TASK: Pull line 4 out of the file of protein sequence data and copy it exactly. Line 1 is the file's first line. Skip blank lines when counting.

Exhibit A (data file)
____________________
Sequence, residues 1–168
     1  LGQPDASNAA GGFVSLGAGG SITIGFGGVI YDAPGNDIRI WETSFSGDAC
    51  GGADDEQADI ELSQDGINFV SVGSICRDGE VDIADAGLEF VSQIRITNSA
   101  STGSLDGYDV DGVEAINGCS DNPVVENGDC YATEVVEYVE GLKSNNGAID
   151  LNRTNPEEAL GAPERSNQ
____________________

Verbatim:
   101  STGSLDGYDV DGVEAINGCS DNPVVENGDC YATEVVEYVE GLKSNNGAID